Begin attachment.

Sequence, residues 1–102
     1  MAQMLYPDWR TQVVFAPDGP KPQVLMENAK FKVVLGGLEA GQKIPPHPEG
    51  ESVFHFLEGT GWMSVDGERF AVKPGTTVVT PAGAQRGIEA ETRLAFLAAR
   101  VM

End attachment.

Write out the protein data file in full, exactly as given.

Sequence, residues 1–102
     1  MAQMLYPDWR TQVVFAPDGP KPQVLMENAK FKVVLGGLEA GQKIPPHPEG
    51  ESVFHFLEGT GWMSVDGERF AVKPGTTVVT PAGAQRGIEA ETRLAFLAAR
   101  VM